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What Is Euthanasia?

Courtesy of 
The Association for Pet Loss and Bereavement

Preparing yourself for your pets Euthanasia

Euthanasia is often the most emotional and painful decision you make for your animal.  And because this decision is so difficult, it can be comforting to you to know what to expect from the procedure and how you can best meet both your and your animals needs.  This brochure suggests a few of the most important questions to ask your veterinarian beforehand.  Knowing what to expect may help make the experience just a little easier.

1.  Where will the euthanasia be performed? 

 Can it be done at my home?  Some veterinarians make house calls for euthanasia and some work solely in a hospital.  Keep in mind how your animal typically reacts while in the veterinarians office and also your comfort level with having the procedure done there or at your home.  

2. What will happen to my animals body afterwards?  

How long will it take to get my pets remains back?  Do you have a special burial spot in mind or would you like your animal cremated? If you would like to have your pets ashes returned, be sure your vet knows your wishes.  Know what your cremation options are. 

The veterinary office of your choice should be able to inform you of local laws and costs surrounding these options.

3.  What method is used to perform the euthanasia? 

The euthanasia process itself is designed to be as quick and peaceful for you and your animal as possible.  Euthanasia solution is ideally injected intravenously and is a fast-acting sedative which stops the heart within seconds. This requires the placement of either a catheter or needle directly into the vein.  The veterinarian will test it first, to make sure it is in the vein and that the solution is administered as desired. In some instances, it may be necessary for your veterinarian to administer an additional sedative before the euthanasia solution. If possible, discuss with your veterinarian or his or her office staff how euthanasia is performed at that particular office.  Your animals health, temperament, and your preferences should each be considered when making this decision.  Be sure that you are comfortable with the procedure that you and your veterinarian choose.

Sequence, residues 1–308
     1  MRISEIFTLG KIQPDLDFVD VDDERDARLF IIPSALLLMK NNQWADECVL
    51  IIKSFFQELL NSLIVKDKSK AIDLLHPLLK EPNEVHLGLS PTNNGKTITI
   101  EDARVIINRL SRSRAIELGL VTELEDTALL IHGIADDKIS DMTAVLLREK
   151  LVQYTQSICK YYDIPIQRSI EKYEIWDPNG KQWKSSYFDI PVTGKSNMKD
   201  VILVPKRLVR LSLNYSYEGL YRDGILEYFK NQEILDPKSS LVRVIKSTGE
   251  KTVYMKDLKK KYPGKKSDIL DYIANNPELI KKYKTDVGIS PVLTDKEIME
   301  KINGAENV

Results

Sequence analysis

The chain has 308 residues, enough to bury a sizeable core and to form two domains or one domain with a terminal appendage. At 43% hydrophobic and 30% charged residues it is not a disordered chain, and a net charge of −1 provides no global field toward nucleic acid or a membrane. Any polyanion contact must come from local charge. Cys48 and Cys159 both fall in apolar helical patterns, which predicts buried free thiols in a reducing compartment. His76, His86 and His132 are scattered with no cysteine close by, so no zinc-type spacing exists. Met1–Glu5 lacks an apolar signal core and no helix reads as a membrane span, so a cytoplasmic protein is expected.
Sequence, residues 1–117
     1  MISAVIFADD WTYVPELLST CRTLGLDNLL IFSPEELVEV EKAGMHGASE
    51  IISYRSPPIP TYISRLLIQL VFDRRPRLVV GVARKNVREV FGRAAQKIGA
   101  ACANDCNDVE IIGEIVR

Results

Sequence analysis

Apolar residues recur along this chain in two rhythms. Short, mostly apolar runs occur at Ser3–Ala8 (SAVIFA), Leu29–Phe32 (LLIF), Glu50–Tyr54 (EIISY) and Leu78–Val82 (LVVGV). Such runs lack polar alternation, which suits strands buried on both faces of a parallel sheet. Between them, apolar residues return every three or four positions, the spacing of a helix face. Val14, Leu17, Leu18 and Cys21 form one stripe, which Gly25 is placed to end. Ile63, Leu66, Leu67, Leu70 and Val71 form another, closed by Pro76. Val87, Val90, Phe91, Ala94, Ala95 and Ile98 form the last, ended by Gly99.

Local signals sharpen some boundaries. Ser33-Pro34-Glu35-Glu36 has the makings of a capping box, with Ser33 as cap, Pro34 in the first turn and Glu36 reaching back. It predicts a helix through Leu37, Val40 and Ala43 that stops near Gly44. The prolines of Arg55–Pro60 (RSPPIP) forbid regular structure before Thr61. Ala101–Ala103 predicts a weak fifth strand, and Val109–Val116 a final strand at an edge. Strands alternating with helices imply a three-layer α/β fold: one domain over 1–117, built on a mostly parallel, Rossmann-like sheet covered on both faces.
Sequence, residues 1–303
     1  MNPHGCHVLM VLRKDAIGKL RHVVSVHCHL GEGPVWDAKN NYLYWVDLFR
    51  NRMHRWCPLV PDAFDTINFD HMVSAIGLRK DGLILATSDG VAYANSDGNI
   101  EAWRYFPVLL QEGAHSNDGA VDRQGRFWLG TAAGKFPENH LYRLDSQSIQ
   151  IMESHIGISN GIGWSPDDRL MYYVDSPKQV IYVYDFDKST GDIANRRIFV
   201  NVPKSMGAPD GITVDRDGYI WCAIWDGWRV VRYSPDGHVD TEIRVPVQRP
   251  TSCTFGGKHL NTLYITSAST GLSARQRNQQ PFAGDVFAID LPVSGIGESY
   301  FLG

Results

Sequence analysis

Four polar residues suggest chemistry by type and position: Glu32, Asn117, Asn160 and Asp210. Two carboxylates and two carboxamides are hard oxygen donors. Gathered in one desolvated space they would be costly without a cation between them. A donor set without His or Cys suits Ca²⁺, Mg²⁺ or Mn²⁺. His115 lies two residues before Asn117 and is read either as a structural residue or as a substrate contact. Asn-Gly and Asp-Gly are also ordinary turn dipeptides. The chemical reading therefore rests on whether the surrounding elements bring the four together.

4. What can I expect during the euthanasia? 

Be aware that your animal may gasp, have bodily tremors, vocalize, or void urine and/or feces after the heart is stopped.  This may be unpleasant, but the reactions are natural -- and your pet has already passed on. 

Can I be with my pet during the euthanasia? 
Can I spend some time with him/her after?

Once you know what to expect from the procedure, you can decide whether or not you wish to be there, or if you would like other important people and /or pets to be with you during that time.  How and when you say goodbye is an important and very personal decision.  Talk with your veterinarian to make sure you may be present with your animal if you so choose.  If your Veterinarian does not allow you to be there....find another vet.  Your precious pet is "yours" and the care is up to you.

Final Thoughts
After you have been through this experience, you are probably experiencing mixed feelings including sadness, guilt, or even anger.  Others may have difficulty understanding your bond with your pet.  Know that there is support.  The Association for Pet Loss and Bereavement (APLB) has a major Internet website www.aplb.org with a wealth of information including helpful literature, local support groups and even a special chat room open several times during the week.  Your veterinarian may also know of additional local support. 
Euthanasia literally means “good death.” Your careful consideration of this process will hopefully make it a little easier on both you and your precious companion. 

The Association Of Pet Loss And Bereavement

We can connect you with a Veterinarian that will euthanasia your pet at this facility or at your home.  If you need this information Please call us.   360.213.0323
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